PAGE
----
"This role used to have complete control on the 'engine room,' but now with the cloud, SaaS [software-as-a-service], and other tools, everything needs to be done somewhat through others," Kern says. "The main new charge is making sure all the pieces work together well."
Systems analyst/systems administrator
The systems analyst or administrator is the IT professional who specializes in analyzing, designing, and deploying systems. This individual makes sure given technology tools are suitable in terms of their intended outcomes, and works with end users, vendors, programmers, and others in order to achieve the outcomes.
Sometimes these roles are responsible for developing cost analyses, design considerations, and technology implementation timelines, and can work in collaboration with business analysts to help ensure that systems are actually meeting the needs of the enterprise.
Much of this is still true about systems analysts and administrators, but new responsibilities are emerging.
The system administrator role is shifting from an on-premises focus to managing cloud instances and services, says James Rinaldi, CIO at the NASA Jet Propulsion Laboratory. "This role needs to evolve to be more value added or be automated," he says. "Some value add is understanding costs, capacity needs, and planning and software configuration and licensing."
The traditional systems analyst "and IT customer service-focused staff are the two roles we most often target for new workloads," says
Bill Balint, CIO at the Indiana University of Pennsylvania. "We do this because successful staff in these roles have had to enhance their soft skills to thrive."
At the university, systems analysts are responsible for all facets of the software lifecycle, some project management, and much of what would be considered business analyst tasks, Balint says. On the other hand, it's the IT support staff, and not systems analysts, who handle end user support functions such as training and documentation, he says.
"If the types of problems needing to be solved by these new workloads require deep synthesis between user interaction and complex problem solving, systems analysts are our go-to target," Balint says. "However, IT support staff are targeted when the problems focus more on translating user needs into progressive solutions, particularly if the ultimate solution requires use of multiple back-office IT skill sets."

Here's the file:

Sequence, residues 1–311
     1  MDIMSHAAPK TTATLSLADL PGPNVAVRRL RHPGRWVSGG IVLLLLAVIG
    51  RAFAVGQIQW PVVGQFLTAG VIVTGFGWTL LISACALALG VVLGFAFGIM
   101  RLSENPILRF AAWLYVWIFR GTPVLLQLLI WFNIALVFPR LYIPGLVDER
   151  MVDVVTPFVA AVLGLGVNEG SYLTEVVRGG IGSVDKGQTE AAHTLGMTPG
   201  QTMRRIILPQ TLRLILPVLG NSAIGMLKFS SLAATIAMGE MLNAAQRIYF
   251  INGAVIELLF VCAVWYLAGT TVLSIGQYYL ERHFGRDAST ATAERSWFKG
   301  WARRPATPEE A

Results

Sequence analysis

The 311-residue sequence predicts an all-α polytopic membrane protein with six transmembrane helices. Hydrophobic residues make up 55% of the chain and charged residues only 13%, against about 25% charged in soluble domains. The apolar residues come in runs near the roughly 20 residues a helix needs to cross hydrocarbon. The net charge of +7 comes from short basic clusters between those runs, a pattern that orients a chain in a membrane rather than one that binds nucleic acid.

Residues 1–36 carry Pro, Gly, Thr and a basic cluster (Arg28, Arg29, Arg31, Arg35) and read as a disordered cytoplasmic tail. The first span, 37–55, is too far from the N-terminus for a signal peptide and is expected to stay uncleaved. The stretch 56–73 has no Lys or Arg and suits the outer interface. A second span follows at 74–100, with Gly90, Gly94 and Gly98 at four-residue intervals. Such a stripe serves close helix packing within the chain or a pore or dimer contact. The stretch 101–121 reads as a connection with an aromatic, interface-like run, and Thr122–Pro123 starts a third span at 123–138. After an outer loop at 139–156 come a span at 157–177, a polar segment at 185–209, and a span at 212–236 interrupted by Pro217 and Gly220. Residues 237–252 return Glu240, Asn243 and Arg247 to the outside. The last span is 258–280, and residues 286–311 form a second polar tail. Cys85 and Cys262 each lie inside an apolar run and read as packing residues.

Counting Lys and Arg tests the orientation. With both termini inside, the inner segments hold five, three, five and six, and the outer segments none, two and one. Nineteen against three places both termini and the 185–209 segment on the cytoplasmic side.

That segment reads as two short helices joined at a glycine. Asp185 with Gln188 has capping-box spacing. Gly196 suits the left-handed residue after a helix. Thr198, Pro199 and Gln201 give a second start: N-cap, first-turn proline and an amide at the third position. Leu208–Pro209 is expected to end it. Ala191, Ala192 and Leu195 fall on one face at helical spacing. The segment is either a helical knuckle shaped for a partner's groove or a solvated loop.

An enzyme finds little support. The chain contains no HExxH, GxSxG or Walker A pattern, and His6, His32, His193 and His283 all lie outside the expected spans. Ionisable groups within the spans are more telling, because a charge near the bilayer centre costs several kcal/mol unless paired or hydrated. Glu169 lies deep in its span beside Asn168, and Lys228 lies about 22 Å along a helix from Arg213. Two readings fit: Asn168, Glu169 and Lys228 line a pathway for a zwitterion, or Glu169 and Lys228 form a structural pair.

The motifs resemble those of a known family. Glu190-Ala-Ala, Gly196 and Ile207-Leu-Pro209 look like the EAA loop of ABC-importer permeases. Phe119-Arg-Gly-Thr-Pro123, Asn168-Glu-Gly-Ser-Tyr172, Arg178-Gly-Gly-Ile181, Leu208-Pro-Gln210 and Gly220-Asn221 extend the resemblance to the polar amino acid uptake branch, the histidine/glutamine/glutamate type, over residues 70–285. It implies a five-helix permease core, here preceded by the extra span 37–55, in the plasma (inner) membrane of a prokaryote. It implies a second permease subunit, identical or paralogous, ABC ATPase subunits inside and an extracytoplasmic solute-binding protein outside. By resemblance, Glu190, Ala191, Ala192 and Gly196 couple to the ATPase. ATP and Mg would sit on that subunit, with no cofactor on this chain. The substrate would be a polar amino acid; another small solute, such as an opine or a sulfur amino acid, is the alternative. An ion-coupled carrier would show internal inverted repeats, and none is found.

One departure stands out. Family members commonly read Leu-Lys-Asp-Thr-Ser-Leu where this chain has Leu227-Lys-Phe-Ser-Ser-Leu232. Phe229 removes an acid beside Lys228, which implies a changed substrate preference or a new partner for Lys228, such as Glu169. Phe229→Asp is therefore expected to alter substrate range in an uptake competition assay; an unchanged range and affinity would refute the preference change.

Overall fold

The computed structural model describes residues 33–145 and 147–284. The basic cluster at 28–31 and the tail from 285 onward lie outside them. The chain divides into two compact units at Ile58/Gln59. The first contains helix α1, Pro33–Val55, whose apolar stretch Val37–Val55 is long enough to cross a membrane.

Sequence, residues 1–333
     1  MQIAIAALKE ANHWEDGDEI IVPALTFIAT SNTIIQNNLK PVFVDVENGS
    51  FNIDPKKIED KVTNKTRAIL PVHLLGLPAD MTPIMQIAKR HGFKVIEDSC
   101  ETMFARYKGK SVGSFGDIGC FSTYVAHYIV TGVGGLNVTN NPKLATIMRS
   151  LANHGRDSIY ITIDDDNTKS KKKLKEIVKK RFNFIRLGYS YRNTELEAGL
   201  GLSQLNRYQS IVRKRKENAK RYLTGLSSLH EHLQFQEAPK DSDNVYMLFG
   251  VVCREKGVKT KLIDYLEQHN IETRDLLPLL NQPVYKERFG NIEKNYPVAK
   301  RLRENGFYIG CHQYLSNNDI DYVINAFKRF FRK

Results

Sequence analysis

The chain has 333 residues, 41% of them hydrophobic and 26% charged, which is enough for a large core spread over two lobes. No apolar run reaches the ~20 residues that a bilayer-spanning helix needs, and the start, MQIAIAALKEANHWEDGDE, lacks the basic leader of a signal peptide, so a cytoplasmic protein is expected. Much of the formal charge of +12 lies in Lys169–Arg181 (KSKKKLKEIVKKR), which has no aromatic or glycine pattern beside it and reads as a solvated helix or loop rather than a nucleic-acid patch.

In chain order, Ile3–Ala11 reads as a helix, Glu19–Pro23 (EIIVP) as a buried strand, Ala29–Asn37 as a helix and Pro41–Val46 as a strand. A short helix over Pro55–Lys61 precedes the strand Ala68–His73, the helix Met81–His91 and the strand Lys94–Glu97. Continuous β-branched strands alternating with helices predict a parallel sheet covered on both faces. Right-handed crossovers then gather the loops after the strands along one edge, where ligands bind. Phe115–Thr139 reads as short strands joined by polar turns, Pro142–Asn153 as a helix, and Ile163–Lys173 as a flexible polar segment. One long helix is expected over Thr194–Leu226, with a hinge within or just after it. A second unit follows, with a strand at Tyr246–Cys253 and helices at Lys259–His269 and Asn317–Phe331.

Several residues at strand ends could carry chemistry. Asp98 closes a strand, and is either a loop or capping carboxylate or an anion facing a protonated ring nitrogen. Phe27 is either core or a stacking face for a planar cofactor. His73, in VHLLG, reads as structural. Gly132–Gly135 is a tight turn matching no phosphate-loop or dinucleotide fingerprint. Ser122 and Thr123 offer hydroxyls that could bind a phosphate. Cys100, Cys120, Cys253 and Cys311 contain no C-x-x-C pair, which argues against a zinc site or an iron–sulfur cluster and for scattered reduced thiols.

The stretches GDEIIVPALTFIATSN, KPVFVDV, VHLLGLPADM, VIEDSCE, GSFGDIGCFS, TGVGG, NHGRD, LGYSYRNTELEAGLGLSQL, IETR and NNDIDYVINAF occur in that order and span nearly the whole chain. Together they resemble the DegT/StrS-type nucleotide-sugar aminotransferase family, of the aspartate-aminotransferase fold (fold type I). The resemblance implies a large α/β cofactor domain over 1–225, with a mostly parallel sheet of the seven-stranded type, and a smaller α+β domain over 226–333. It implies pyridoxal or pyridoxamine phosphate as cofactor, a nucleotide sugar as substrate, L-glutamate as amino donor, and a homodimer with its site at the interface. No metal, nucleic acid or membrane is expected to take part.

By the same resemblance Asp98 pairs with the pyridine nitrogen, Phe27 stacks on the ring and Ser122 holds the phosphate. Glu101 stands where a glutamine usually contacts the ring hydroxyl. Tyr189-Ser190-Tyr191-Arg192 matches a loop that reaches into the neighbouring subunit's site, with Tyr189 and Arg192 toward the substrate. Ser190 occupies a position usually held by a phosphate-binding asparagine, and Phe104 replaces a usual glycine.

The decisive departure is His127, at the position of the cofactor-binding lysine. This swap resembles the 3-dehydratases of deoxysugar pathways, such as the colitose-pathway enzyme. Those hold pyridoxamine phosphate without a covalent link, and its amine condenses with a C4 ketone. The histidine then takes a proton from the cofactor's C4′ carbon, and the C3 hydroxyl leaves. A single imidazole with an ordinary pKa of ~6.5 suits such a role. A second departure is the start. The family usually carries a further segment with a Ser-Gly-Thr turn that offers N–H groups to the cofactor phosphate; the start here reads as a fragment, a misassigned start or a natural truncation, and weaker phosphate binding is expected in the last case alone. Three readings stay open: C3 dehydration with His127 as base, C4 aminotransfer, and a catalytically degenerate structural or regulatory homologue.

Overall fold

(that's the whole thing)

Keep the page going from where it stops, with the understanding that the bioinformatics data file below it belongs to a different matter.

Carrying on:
Shifts in the web developer's role have been underway for a few year's now, reflecting some of the key trends in IT such as the increased use of mobile devices in the workplace and among consumers and the growing focus on user experience.
Web developers today need to have a good understanding of areas such as modular design, designing for mobile users and the load speeds required, AI features such as chatbots, voice search optimization, and cybersecurity.
AI alone is having a huge impact on web development, by enabling new features such as voice commands that make it easier for users to navigate sites and find information.
The ongoing rise of IoT will also likely have an impact on web development, because companies might want to make some data from connected devices available to users via websites.
And many developers will need to expand their knowledge of programming languages to keep up with the latest trends.
"The requirements for a web developer have changed," says
The network administrator's role is changing because the concept of the enterprise network is changing — with the cloud once again serving as a centerpiece for the transition.
Network administrators for years have been responsible for network infrastructures, including local and wide area networks, servers, software-network interactions and network integrity/resilience. They handle any issues related to these components, making sure networks are performing at a high level in support of the business.
Today's network infrastructures are a lot more complex than in the past, and often include the networks that support links to cloud services, mobile devices, edge computing, and increasingly, IoT.
Network administrators who in the past could get by with knowledge of Windows 10, Office, and other common on-premises platforms now need to know about cloud services such as Microsoft Azure, Amazon Web Services, Google Cloud, and others, Johnson says.
The ongoing shift to the cloud is having a profound affect not just on network administrators and the other transitioning roles, but on just about everyone in IT, Johnson says.
"As the tech world continues to evolve, with companies moving systems, applications, and data to cloud-based environments, one could say all IT professionals should be looking at evolving their roles, and upskilling with knowledge and/or certifications allowing them to continue to do their roles within a changing IT landscape," John says.